44, High Street.
An early directory references (1830 – Pigot) lists Thomas Johnson, a confectioner, here, however he may not have had a frontage shop. It is probable that he had a bakery in buildings at the rear, and for several years reference was made to ‘Johnson’s Yard’.
The shop was known as ‘Nottingham House’ in the 1840s and 1850s, when lace was one of the items sold there.
In about 1903, the premises were acquired by Boots Cash Chemist (Eastern Ltd.) and combined with those at No. 44 (see Nos. 43 & 44, High Street).
1830 – 1855 (Thomas Johnson) – ‘Johnson’s Yard’.
Baker and flour dealer Thomas Johnson was listed at No. 44 in White’s Directory for 1836 and in later directories until 1854. He and his family are also recorded in the 1841 and 1851 censuses, and it is clear from the entries that the bakery was at the rear of the shop, in ‘Johnson’s Yard’.
Thomas Johnson was born c1791 in Holt, Norfolk. His second wife, Sarah, was born c1802 in Lynn. He had at least one daughter by his first marriage, Elizabeth (b. c1809 in Lynn), who was staying here in 1851. Thomas and Sarah’s son Thomas Johnson jnr., (b. c1826 in Lynn), was working as a plumber, aged 15, in 1841.
Thomas Johnson died in 1855, aged 70, and Sarah continued the bakery business for a few years, being recorded in ‘Johnson’s Yard’ in 1861.
c1836 – c1843 (Michael Smith)
Michael Smith, a stay maker and lace dealer, is listed here in White’s directory for 1836. Although he has not been found in the 1841 census, he was here until at least February, 1843, when he placed this advertisement in the Lynn Advertiser:-
‘Good News from Lynn!!! SELLING OFF during the MART, at the Nottingham House, No. 44, HIGH STREET, a very LARGE and CHEAP Stock of LACE, CAPS, FLOWERS, STAYS, etc., etc.’
It is not clear from this whether he was closing down or holding a regular sale.
c1843 – c1854 (John Waring Wilders Rose) (Harriet Rose)
On 13th February, 1844, J. W. W. Rose placed the following notice in the Lynn Advertiser:-
‘LYNN MART. Persons visiting Lynn Mart, are invited to call at ROSE’S Nottingham House, 44, High Street, for Cheap LACE, RIBBONS, HOSIERY, and STAYS. J. W. W. ROSE, having made considerable improvements on the above premises, informs his friends that he intends selling off a great proportion of his present Stock much under value. Having purchased a splendid new Stock of Platt, and other description of Lace, a large assortment of Hosiery, and several hundred pairs of children’s and ladies’ Stays, he will be enabled to shew something quite new to the public. In the Stay trade he stands unrivalled, from his having sold upwards of a thousand more pairs of Stays in the last year than he did in the preceding one, he flatters himself that he is giving universal satisfaction in that department of his business, and solicits an early inspection of his new and cheap Stock, which is well worthy of notice. Lace and Hosiery wholesale and retail. Agent for Simister’s Patent Wove Stays. The Number is 44 – next door to the Queen’s Head.’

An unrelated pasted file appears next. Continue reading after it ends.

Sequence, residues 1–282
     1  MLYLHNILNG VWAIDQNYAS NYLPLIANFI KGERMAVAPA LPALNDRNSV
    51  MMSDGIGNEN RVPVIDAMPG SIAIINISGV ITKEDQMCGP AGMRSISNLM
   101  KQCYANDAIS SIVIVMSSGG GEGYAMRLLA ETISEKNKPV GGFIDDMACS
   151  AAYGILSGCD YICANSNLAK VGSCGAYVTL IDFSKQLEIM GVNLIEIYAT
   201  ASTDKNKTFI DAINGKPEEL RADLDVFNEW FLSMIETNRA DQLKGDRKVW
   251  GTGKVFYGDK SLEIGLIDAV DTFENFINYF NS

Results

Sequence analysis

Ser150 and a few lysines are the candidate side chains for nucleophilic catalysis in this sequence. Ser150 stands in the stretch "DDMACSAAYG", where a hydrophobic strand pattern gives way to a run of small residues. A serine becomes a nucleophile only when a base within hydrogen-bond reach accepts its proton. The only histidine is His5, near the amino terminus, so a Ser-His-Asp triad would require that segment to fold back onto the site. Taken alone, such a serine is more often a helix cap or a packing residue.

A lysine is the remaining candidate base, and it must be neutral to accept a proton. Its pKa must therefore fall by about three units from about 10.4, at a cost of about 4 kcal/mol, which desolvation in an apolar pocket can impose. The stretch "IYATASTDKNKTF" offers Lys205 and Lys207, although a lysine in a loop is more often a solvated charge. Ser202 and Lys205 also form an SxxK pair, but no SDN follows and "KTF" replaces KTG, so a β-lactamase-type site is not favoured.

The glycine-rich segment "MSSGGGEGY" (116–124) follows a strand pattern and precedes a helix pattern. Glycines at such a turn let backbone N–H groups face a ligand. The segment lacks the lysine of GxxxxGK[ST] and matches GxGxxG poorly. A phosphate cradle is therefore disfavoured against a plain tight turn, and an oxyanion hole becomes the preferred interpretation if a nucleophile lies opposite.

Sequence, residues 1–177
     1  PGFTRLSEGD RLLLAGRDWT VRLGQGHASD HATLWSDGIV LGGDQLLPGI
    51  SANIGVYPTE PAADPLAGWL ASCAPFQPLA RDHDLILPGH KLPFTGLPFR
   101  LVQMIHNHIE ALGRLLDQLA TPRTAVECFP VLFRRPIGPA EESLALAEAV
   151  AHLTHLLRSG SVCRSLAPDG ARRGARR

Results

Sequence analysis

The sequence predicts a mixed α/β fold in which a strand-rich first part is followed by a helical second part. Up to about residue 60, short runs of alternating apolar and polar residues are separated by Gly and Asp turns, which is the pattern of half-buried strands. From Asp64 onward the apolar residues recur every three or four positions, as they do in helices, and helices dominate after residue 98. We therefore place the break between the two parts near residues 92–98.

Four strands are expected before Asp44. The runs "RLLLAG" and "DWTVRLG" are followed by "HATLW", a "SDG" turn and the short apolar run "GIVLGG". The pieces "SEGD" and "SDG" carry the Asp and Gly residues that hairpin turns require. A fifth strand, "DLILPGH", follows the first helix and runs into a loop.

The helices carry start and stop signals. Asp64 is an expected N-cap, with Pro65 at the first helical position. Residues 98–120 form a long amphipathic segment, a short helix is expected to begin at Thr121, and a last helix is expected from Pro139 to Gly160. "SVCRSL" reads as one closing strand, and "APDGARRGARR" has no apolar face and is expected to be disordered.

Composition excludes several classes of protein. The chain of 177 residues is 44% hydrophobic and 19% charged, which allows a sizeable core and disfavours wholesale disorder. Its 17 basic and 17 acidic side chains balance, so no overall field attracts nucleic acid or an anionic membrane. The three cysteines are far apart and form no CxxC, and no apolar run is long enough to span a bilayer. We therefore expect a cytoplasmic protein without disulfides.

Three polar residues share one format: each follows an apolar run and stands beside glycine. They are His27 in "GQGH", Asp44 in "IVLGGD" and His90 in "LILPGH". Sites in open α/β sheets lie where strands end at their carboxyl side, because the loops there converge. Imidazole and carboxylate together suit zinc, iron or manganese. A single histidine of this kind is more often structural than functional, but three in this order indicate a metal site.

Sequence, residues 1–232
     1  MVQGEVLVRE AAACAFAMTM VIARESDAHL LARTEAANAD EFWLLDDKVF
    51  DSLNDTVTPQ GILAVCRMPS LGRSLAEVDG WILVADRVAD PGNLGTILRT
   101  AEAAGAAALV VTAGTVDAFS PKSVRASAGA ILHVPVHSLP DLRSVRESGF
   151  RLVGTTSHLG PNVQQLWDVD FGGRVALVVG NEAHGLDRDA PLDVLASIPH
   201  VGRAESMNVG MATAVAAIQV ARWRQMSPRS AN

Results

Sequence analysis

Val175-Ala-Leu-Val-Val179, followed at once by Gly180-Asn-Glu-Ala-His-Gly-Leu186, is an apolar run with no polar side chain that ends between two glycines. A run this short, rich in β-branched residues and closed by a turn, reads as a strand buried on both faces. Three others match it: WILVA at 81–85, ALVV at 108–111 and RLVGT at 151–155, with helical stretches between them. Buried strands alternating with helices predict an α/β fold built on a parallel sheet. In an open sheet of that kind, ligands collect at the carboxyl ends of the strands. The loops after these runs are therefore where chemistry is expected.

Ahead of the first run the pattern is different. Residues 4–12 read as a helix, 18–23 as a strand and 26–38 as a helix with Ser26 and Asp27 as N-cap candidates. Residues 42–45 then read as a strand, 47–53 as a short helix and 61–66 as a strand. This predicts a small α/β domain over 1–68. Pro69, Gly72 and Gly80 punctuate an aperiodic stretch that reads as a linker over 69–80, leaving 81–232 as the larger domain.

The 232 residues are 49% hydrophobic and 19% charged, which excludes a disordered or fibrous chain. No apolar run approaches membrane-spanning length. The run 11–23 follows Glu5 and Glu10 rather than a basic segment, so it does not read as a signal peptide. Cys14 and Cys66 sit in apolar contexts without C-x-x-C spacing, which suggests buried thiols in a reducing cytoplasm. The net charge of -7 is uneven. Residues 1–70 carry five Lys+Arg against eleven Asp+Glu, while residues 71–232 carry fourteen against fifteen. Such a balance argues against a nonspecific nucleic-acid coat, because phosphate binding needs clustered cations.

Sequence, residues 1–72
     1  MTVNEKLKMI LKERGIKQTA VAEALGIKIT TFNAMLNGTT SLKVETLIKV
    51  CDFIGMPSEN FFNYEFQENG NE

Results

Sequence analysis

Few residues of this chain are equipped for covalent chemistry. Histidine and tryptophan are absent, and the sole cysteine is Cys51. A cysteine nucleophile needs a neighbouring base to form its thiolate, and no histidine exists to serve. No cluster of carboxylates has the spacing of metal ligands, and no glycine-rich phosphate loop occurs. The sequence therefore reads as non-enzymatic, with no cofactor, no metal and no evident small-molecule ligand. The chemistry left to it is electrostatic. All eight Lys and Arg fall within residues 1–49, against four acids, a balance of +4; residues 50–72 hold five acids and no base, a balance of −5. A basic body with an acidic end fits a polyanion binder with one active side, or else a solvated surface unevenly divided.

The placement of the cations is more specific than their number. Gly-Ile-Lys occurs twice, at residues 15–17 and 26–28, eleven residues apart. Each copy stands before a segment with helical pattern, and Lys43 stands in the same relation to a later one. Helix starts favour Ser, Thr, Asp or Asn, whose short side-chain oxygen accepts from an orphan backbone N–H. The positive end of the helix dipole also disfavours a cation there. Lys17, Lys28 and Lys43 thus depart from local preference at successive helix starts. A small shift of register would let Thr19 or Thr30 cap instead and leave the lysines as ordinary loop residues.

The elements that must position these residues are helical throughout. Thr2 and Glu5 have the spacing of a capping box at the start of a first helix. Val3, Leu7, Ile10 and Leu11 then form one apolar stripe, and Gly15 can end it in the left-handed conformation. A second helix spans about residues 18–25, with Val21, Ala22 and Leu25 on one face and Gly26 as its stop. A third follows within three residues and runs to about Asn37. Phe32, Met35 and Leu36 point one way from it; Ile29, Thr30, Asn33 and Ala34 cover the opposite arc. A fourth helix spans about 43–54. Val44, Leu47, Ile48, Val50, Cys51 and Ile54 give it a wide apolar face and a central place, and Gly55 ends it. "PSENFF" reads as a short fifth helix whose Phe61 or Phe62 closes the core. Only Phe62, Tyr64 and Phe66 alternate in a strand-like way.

John Waring Wilders Rose was born in 1820 and baptised at Tattershall, Lincolnshire on 13th February that year. His parents were Thomas Rose (b. c1790 in Lincs.) and Ann Wilders (b. c1791 in Holbeach, Lincs.). John married Harriet Cox in Newark in 1842, and they then moved to Lynn, where their two children were born:-
1) Julia Maria (b. 21/10/1843 – d. 1887, aged 43). 2) William Evison – a civil servant – (b. 1846 – m. Lucy Elizabeth Murray in 1878 – d. 1928, aged 82).
John Rose died in 1847, aged 27, just a few months after the birth of his son William.
After the death of her husband, Harriet Rose continued in business as a milliner at this address. She was here in 1851, and placed the following notice in the Lynn Advertiser in April, 1852:-
‘NOTTINGHAM HOUSE, 44, High Street, Lynn. Mrs. ROSE respectfully intimates to the Ladies of this town and county, that her SHOW ROOMS will be OPENED for the PRESENT SEASON, replete with Novelties, on MONDAY, April 26th, 1852.’
Harriet Rose was listed in White’s directory for 1854 but moved to No. 86, High Street in April, 1855. She remained there until at least 1856, but had left by 1860, moving to Market Street, where she stayed for at least ten years. She died in Hackney, where her son William Evison Rose lived, in 1875, aged 55.
c1854 – 1870 (Benjamin Robert Clutterbuck)
Benjamin Clutterbuck (b. c1827 in Stroud, Gloucestershire) was a clothier and outfitter, whose business is listed here in Kelly’s directory for 1858. However, he did not live on the premises and his house was at 10, St. John’s Terrace in 1863.
Benjamin’s father died when he was young and his mother, Mary Ann (b. c1812 in Stroud), married Job Scriven, landlord of the ‘Salutation Inn’, Cirencester, in 1847/8.
In 1857, Benjamin married Marianne Sweeting (b. c1834 in Cheltenham) and they had two sons, both born in Lynn; Walter Sweeting (b. 1865/6 – a solicitor and Reading Town Clerk – m. Edith Anna Meal in Lynn in 1895 – d. 1919, aged 53), and Benjamin Robert II (b. 1868 – a clergyman – d. 1943/4, aged 75).
Benjamin I died in 1870 aged 39.
Marianne returned to Cheltenham with the two boys and then moved to London, where she was in 1901, and then to Poole in Dorset, by 1911. Benjamin II did not marry and lived with her. She died in Reading, where Walter lived, in 1912, aged 79.
c1870 – 1894 (Thomas Green) (Thomas Charles Green)
(See also No. 6, Nos. 21 & 22, and No. 84)
Thomas Green, the clothier who had premises at No. 6 and Nos. 21 & 22, High Street, also occupied No. 44 for several years, giving the shop the name of ‘The Anchor Clothing Stores’, although in most of his advertisements as ‘Thomas Green & Son’ only the number was given in the address.